La Rapsodia in blu (Rhapsody in Blue) è una delle più famose composizioni musicali dello statunitense George Gershwin. …
Russian pianist Denis Matsuev has established himself as one of the most dynamic and virtuosic performers of his generation, and his program on this RCA album with Alan Gilbert and the New York Philharmonic is ideally suited to his extraordinary abilities. The pairing of Sergey Rachmaninov's Piano Concerto No. 2 in C minor and George Gershwin's Rhapsody in Blue is a natural one, particularly because of the works' shared post-romanticism (note Rachmaninov's influence on Gershwin's slow theme in the Rhapsody), as well as for the dazzling writing for the piano in both works. Of course, the challenge for Matsuev is to make his part appear effortless, and he succeeds so well in both performances that listeners may be a bit blasé about his playing, taking it in without really considering what knuckle-busters these pieces really are.
This newest release from BR KLASSIK explores the genre of the 19th and 20th century Rhapsody, featuring works from masterful composers Emmanuel Chabrier, George Gershwin, George Enesecu, Maurice Ravel, and Franz Liszt. The concert-like atmosphere of this recording makes this a truly unique release, as these works were recorded live in Munich as recently as October 2015. The five rhapsodies featured here come from different regions and the composers unique styles can be heard in each of their works. Chabriers Espana is centered around Iberian and folk music which was very popular at the time. Liszts Hungarian Rhapsody contrasts this work with its use of Hungarian folk melodies. The ever-popular Rhapsody in Blue from George Gershwin throws Americana into the mix with its blues roots. Mariss Jansons and the Symphonieorchester des Bayerischen Rundfunks never fails to please with their brilliant interpretations and performance quality. World-renowned Russian pianist Denis Matusev is brilliant as the Rhapsody in Blue soloist.
"…A lot of bang for the buck."
Gershwin Plays Gershwin: The Piano Rolls is an album of piano rolls recorded (with one exception) by George Gershwin. It was released by Nonesuch Records in 1993. Gershwin recorded these piano rolls between 1916 and 1927. Several rolls use overdubbing, so that Gershwin is in effect playing a four-handed piece solo. The final selection, "An American In Paris", was recorded by Frank Milne in 1933. Milne worked as a roll-editor with Gershwin in the 1920s, and edited several of the rolls reproduced on this disc. So skilled was Milne as a roll editor, the liner notes suggest that he may not have actually "played" "An American In Paris" at all – in the same way that a musician can write sheet music…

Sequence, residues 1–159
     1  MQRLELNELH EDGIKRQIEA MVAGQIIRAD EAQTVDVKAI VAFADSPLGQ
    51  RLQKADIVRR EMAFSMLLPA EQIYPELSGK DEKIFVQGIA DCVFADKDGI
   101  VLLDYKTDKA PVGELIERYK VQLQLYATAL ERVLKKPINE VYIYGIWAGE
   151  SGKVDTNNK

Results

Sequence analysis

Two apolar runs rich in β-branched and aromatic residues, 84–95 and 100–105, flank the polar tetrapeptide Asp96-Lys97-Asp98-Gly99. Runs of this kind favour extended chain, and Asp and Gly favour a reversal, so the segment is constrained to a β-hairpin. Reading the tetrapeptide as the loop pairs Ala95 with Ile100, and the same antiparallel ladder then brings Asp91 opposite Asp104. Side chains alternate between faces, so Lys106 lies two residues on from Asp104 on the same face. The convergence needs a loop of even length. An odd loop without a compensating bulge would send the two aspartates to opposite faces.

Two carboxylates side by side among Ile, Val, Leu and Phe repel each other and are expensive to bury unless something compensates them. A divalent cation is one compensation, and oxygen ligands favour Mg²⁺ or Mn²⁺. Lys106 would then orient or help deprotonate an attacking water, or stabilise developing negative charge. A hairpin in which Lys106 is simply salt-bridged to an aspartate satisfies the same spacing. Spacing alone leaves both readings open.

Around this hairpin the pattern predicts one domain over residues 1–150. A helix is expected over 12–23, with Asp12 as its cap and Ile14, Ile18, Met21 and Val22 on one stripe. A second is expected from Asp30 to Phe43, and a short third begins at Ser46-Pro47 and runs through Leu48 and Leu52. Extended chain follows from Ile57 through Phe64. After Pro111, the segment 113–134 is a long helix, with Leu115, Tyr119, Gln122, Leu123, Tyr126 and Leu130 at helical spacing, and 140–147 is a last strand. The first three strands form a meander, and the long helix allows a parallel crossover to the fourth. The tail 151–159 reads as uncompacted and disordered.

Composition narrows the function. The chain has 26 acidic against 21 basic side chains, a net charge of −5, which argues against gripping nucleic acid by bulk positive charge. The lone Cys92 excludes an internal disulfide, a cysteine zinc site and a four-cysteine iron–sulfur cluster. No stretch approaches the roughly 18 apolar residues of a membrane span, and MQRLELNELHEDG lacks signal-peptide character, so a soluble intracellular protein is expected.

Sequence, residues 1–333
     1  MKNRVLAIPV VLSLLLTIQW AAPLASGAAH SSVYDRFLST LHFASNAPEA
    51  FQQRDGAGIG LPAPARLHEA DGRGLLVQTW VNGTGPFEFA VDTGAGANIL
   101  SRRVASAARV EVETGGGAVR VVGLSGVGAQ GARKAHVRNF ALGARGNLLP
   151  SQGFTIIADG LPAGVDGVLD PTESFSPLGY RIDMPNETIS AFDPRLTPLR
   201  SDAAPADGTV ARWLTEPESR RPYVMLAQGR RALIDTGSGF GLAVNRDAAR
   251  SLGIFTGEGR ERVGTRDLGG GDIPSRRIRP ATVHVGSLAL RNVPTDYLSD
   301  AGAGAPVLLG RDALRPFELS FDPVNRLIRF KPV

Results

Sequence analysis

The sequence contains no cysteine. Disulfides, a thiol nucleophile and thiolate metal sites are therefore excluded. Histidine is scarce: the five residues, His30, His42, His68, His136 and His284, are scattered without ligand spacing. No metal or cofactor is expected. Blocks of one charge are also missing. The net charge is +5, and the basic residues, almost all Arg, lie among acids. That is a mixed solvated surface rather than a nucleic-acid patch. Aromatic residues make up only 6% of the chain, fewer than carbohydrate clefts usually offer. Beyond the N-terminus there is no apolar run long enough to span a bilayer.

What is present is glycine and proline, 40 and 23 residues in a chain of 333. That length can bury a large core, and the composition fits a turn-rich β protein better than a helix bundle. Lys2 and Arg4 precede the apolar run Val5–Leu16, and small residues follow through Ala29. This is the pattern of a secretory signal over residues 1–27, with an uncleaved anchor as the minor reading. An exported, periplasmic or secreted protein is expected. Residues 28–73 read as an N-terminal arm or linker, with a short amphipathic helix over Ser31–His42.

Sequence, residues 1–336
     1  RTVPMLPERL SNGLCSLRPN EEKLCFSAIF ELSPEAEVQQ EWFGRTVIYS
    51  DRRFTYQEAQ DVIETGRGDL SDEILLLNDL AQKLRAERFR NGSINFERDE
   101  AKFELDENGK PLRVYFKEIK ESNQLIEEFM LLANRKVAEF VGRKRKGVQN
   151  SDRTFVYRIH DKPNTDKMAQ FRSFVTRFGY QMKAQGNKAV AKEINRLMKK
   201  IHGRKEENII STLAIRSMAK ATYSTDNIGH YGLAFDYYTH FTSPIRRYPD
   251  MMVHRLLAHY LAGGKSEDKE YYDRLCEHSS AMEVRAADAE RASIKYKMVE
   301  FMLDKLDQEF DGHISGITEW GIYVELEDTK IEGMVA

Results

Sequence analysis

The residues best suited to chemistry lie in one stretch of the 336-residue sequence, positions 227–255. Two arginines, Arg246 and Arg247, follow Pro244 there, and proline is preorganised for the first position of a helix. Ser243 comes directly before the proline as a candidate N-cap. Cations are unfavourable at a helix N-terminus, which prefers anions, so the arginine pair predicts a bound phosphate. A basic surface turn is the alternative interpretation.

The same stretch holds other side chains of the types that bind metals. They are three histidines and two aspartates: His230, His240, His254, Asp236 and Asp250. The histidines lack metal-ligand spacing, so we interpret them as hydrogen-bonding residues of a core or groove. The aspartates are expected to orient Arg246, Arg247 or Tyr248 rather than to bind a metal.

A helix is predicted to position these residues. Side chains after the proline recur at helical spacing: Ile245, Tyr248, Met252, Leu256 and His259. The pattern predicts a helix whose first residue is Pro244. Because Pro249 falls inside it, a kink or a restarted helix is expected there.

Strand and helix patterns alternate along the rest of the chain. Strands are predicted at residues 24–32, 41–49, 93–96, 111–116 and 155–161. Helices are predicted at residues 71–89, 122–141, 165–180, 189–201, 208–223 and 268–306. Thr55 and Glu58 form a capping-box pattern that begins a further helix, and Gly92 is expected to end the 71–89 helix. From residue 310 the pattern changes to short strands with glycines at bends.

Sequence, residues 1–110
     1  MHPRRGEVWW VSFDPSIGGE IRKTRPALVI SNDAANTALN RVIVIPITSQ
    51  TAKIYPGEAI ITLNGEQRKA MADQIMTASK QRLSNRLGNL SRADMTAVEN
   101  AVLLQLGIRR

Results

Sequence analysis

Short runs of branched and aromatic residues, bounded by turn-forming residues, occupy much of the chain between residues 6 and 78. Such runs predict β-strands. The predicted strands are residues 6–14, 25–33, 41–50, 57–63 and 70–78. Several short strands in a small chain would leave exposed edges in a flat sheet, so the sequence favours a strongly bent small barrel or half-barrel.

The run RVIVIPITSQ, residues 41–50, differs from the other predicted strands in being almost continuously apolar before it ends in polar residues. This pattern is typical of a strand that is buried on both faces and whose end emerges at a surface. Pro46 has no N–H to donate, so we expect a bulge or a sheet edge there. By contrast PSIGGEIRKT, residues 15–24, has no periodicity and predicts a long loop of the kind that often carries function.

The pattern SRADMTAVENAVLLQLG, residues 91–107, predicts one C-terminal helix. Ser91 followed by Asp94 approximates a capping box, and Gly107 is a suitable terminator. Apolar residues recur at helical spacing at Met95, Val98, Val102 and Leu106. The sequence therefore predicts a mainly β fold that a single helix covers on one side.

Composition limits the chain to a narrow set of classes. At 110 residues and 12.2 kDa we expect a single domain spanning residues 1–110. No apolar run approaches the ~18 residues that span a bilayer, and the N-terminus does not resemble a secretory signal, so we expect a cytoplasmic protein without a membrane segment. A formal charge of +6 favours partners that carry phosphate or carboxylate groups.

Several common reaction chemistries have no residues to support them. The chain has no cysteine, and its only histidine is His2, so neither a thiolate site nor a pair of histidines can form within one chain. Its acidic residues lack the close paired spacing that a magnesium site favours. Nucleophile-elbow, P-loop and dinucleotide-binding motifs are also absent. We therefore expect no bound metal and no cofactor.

This unique album is a wonderful snapshot of American jazz in an orchestral setting. Most classical music aficionados are familiar with George Gershwin and his works such as Rhapsody in Blue, but there are also a number of less-famous composers who wrote around the same time who are no less brilliant. These composers also interacted with and influenced each other. For example, James Price Johnson also wrote a rhapsody, entitled Yamekraw, Negro Rhapsody, which is a sophisticated work full of tempo changes, varied rhythms, and various moods and character. (William Grant Still orchestrated this piece.) Yamekraw swings and is syncopated, giving it a very dancelike feel, and the Hot Springs Music Festival Symphony Orchestra does an excellent job bringing the music alive without ever making it rigid. Not only do it play beautifully on this first piece, but also through the rest of the album, where it truly captures all the moods jazz pieces require while never losing strong classical technique. It is much to conductor Richard Rosenberg's credit that all of the pieces have energy and good musical taste.
Composer George Gershwin is driven by his need to succeed. Unfortunately his drive destroys his romantic relationships with singer Julie Adams, who is desperately in love with him, and aloof socialite Christine Gilbert.
Jazz pianist Michel Camilo, working with the Barcelona Symphony Orchestra under Ernest Martinez Izquierdo, attempts here to make something new out of George Gershwin's heavily recorded Rhapsody in Blue and Concerto in F – broadly speaking, he tries to tie these jazz-classical fusions more closely to their jazz roots. Given the fluency with which Gershwin moved between the worlds of classical music, jazz, and pop, the experiment would seem a worthwhile and interesting one, but the recording, at least for those with the usual ways of performing Gershwin in their ears, is likely to come off as neither fish nor fowl.